427 F.3d 1053 (7th Cir. 2005), 03-3364, United States v. Johnson
|Citation:||427 F.3d 1053|
|Party Name:||UNITED STATES of America, Plaintiff-Appellee, v. John JOHNSON, Defendant-Appellant.|
|Case Date:||October 27, 2005|
|Court:||United States Courts of Appeals, Court of Appeals for the Seventh Circuit|
Submitted Aug. 31, 2005.
Appeal from the United States District Court for the Southern District of Indiana, Indianapolis Division, No. IP-03-43-CR-01 Sarah Evans Barker, Judge.
Barry D. Glickman, Office of the United States Attorney, Indianapolis, IN, for Plaintiff-Appellee.
John A. Goodridge, Evansville, IN, for Defendant-Appellant.
Before CUDAHY, RIPPLE, and WILLIAMS, Circuit Judges.
CUDAHY, Circuit Judge.
John Johnson was convicted of possession with intent to distribute crack cocaine, 21 U.S.C. § 841 (a), after the district court denied his motion to suppress the crack found in his home during a warrantless search. Although Johnson consented to the search, he argues that his consent was tainted because he gave it while being illegally detained. In August 2004 we ordered a limited remand to permit the district court to consider further whether the detectives who came to Johnson's home to investigate an anonymous tip had reasonable suspicion for detaining him inside the threshold of his house. In light of the district court's additional findings on remand and the subsequent concession by the government that the motion to suppress should have been granted, we now reverse Johnson's conviction.
The facts of the case have been presented in detail in both our August 2004 order and the district court's June 2005 response; accordingly, we provide only a brief summary here. On February 27, 2003, Stephen Blackwell, a detective assigned to a Madison County, Indiana, narcotics task force, received an anonymous tip that a "John Johnson" was in possession of a large amount of crack. The female caller stated that Johnson had picked up the crack in Muncie, Indiana, and brought it back to his "Fulton Street address" in the town of Anderson. The tipster also stated that Johnson picked up crack shipments on Thursdays and drove a white vehicle, but she offered no other details and did not explain the basis of her knowledge. The information was not otherwise corroborated. Blackwell and another detective, Cliff Cole, went to appellant Johnson's home to investigate the tip.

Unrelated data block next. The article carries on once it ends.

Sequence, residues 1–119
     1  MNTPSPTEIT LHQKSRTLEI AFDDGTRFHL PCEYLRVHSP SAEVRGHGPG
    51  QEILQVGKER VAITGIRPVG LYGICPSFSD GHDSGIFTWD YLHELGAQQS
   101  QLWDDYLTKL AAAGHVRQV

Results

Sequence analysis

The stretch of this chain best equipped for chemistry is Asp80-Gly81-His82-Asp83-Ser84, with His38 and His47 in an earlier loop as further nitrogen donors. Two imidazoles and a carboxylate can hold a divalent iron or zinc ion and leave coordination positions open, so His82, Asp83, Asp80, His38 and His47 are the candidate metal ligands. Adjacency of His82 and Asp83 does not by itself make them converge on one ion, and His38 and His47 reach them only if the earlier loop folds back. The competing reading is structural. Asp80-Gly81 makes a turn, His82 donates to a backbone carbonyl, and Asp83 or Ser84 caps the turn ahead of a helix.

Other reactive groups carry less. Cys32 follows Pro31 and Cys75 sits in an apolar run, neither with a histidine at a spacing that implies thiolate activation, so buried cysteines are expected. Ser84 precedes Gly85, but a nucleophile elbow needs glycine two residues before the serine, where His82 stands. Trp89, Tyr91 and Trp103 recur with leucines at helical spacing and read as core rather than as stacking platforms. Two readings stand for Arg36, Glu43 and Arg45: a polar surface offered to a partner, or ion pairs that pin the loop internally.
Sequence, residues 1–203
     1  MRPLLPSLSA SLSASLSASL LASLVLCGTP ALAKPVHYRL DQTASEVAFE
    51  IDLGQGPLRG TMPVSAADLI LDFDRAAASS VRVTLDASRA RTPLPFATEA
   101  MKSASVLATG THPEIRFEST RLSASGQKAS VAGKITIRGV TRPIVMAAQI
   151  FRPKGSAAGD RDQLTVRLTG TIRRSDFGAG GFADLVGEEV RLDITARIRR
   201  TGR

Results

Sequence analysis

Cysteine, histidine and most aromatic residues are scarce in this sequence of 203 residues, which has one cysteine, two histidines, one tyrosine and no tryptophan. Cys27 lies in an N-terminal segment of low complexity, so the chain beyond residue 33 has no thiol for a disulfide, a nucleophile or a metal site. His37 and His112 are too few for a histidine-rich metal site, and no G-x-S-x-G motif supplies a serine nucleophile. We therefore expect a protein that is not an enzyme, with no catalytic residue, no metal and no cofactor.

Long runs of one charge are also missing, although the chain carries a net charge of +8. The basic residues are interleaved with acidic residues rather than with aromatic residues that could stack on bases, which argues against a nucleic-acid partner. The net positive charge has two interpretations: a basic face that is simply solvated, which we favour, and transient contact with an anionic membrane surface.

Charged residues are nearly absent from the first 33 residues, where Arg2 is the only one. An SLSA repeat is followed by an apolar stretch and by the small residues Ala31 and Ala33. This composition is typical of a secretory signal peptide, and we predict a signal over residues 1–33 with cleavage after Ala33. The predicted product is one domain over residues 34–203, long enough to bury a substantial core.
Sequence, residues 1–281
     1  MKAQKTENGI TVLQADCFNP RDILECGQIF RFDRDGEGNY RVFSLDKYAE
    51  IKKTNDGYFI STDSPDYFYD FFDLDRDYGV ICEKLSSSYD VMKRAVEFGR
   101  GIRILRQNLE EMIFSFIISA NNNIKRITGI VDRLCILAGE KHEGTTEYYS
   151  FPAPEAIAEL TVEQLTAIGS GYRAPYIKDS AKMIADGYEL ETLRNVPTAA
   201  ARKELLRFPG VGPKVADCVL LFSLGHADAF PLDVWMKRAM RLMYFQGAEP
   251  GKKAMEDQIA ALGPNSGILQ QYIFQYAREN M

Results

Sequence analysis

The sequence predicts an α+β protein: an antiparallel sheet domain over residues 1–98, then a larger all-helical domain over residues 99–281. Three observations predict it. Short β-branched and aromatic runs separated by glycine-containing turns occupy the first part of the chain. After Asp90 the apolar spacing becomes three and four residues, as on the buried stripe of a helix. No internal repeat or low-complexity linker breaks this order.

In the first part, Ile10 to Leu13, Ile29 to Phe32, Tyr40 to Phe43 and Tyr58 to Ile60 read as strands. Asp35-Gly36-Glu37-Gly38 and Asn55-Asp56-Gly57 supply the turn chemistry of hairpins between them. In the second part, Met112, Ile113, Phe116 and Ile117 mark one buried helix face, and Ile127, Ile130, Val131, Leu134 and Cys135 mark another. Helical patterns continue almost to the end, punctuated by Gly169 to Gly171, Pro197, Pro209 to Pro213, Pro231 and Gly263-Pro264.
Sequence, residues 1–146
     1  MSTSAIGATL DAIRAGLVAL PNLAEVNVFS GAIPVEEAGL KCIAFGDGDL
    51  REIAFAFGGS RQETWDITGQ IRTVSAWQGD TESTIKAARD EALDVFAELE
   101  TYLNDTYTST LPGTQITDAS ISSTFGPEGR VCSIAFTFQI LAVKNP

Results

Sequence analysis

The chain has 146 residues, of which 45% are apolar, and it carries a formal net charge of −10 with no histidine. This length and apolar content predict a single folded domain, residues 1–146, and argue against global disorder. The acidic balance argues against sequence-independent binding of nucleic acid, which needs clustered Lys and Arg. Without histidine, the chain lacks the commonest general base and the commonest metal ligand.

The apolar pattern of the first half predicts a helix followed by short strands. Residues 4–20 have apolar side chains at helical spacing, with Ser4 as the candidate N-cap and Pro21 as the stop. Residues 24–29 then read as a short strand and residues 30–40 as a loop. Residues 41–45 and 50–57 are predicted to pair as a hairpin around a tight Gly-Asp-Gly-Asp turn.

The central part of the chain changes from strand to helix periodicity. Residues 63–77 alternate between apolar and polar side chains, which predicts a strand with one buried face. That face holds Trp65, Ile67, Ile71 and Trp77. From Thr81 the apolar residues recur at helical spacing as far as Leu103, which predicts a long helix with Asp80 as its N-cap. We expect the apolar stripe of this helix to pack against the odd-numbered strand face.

After watching Johnson's house for about five minutes, the detectives approached his girlfriend as she was leaving the house. She verified that Johnson lived there and was inside at the time. The detectives asked her to knock on the door, and after she did, Johnson answered. The detectives told Johnson about the anonymous tip and asked to search his house. Johnson denied that there were drugs in the house. After speaking to the detectives for several minutes, Johnson turned his back on them and retreated down a hallway. Detective Blackwell responded by drawing his gun, pointing it at the ground, and saying, "[I]f you go down that hallway, John, now it's an officer safety issue." Johnson stopped and turned back toward the detectives, and Blackwell returned the gun to its holster. Blackwell asked again if he could search the house while Detective Cole phoned a supervisor to discuss whether they could get a search warrant. When Cole returned, Johnson said, "Well, you might as well come on in." The detectives entered the house, and Johnson told them to "go ahead and search." They found a package of crack in a dresser.
Johnson later moved to suppress the drugs, arguing that his consent was involuntary and, in any event, tainted by his illegal detention. The district court denied the motion and Johnson appealed. We previously upheld the district court's factual finding that the detectives did not coerce Johnson to consent. But we disagreed with the court's legal conclusion that Johnson was not "seized" for Fourth Amendment purposes when Detective Blackwell raised his gun and stopped Johnson in his tracks when he began walking back into the house. We could not, however, determine from the record whether the seizure was based on reasonable suspicion because certain facts were still in dispute. In particular, the district court had not resolved
whether to credit testimony from both detectives that Johnson appeared agitated during the encounter and from Blackwell that he believed Johnson was going to retrieve a weapon when he started walking further into the house. In light of these open questions, we asked the district court to supplement the record with additional findings of fact and to "assess whether the officers reasonably suspected that Johnson was engaged in or was about to engage in criminal activity."
On remand the district court ordered supplemental briefing and held another hearing. After making supplemental findings, the court concluded that the detectives did not have reasonable suspicion to justify seizing Johnson. The court determined that Detective Blackwell wanted to prolong the encounter until he obtained consent to search, drawing his gun for that purpose, not because he feared that Johnson was retrieving a weapon. The district court gave little weight to...
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